Thursday, October 27, 2011

Something Wicked This Way Comes!

Happy Almost-Halloween! Truly, Halloween is my favorite holiday, so in the spirit of all that is spooky and eerie and slightly creepy, let’s talk about one of my other favorites.

I have a thing for witches: Wicked Witches (either cardinal point on the compass will do), White Witches, Macbeth’s witches (toil and trouble bubbling away), witches from popular culture (Samantha, how I wish I could twitch my nose like you), witches from movies (yes, even when they shack up with Jack Nicholson’s devil), Salem’s witches (pretty sure I need a trip to Salem at some point in my life), witches who lure children into their candy houses, witches who can make poisoned apples, and most of all, witches in books. I think it is all about the accessories -- black hats, black cats, black pointy boots -- I am almost certain I could really rock the witch look. Not to mention, witches span generations -- you can be a young, hip witch, or an old crone -- no need to change your look as you age.

So, where did this fascination come from? I am really not sure, but as far back as I can remember, I have loved witches.

When I was little, I had a series of books by Patricia Coombs about a little witch named Dorrie and her black cat, Gink (I always feel like I have won a prize when the witch also gets to have a black cat). They had the most wonderful illustrations, but Dorrie’s  magic was always just a little off. It didn’t matter to me -- I wanted to be just like Dorrie. I remember pretending to be her and even making a mess of my room based on those illustrations. What can I say, I was an only child until I was twelve. ;)

After Dorrie, I read The Little Broomstick by Mary Stewart. Most vivid in my mind was the description of a school for witches. Coupled with Bedknobs and Broomsticks by Mary Norton which had a correspondence school for witchcraft, The Little Broomstick fueled my imagination, and I spent hours pretending I ran a school for witchcraft. Somewhere in the boxes of my childhood, I still have the class schedules, newsletters, and sheets of spells I created -- all on a dot-matrix printer.

There was The Witches by Roald Dahl -- oh, how I loved that book even if the witches were the antagonists.

As I have gotten older, I still seek out books about witches.

There is an entire pantheon of young adult novels featuring witches.

Hex Hall by Rachel Hawkins (Another school for witches is the setting of this book.)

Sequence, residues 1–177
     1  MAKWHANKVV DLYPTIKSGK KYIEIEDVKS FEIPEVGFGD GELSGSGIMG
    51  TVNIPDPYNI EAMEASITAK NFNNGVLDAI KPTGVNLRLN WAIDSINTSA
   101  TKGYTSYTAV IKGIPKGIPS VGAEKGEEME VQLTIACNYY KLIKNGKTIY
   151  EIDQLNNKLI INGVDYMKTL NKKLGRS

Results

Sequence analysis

The Summoning by Kelley Armstrong (I promise you, you will never look at werewolves the same way again.)
My personal favorite in the young adult genre: Beautiful Creatures by Kami Garcia and Margaret Stohl. If Tennessee Williams had written a supernatural story set in a small South Carolina town, this would have been it. Dripping with atmosphere and Spanish Moss, this book is truly a masterpiece of Southern Gothic fiction.
Then, there are the more serious adult books about witches which have been equally entertaining.

The Physick Book of Deliverance Dane by Katherine Howe -- a dual storyline of the Salem witch trials and modern times with some real spell casting thrown in.
The Heretic’s Daughter by Kathleen Kent -- another story of the Salem Witch Trials -- a little more historically based.
A Discovery of Witches by Deborah Harkness -- a perfect romance featuring a witch and a green-eyed evolutionary biologist who also happens to be a vampire. Who knew DNA was so sexy?
For those times when chick lit needs a little bit of witchy librarian and a sexy watcher, there is A Girl’s Guide to Witchcraft by Mindy Klasky. Who could resist that cover? I certainly couldn’t. Plus, there is a black cat. Bonus points!
However, I have saved the best of the best for last. The one book about witches that I measure all other books about witches by. The one witch book that has earned a coveted place on my Top Ten Books I Have Read in My Lifetime. The one witch book that inspired an entire trip.

The Witching Hour by Anne Rice.
I read it for the first time in April, 1991, and it haunted my dreams the entire time I read it. Judging by the dates when I read it, I should have been studying for my AP European exam (don’t worry, I did fine on it), but instead this book, my first Anne Rice book, held me in its grip and did not let go until I finished it. To this day, I can conjure up the images elicited in the book -- confederate jasmine blooming in an overgrown garden on a twilit night. Sigh.

Set in New Orleans, it traces a family known as the Mayfair Witches from their very beginnings in England to the present day. The house they inhabit is as much a character as the people themselves, and Anne Rice actually lived in it -- 1239 First Street. When I discovered that it was a real house, I knew I needed to visit it. In April of 2004, my husband, Charles, and I went to New Orleans. Of course, we had to go see the house. Imagine my surprise to find it was for sale. Unfortunately, the 3.75 million dollars Anne Rice was asking for it was a bit too much, but that didn’t stop me from taking a bunch of pictures.

 And there you have it -- your literary Halloween treat. Happy Halloween!

Now I am off to cuddle with my own black cat, Bagheera.


  1. Jackie, I've got one you MUST read!!! It's "Petty Magic" by Camille DeAngelis. I absolutely loved it, and I think you will, too!

  2. Oh my goodness! I loved "The Witching Hour" could it be that it's time to read it again?
    Those pictures of the house are incredible! That in itself would have sent shivers down my spine.

  3. Denise, I will have to add that to the list! Sounds great! Anita, there were lots of shivers down my spine! I loved seeing it in person.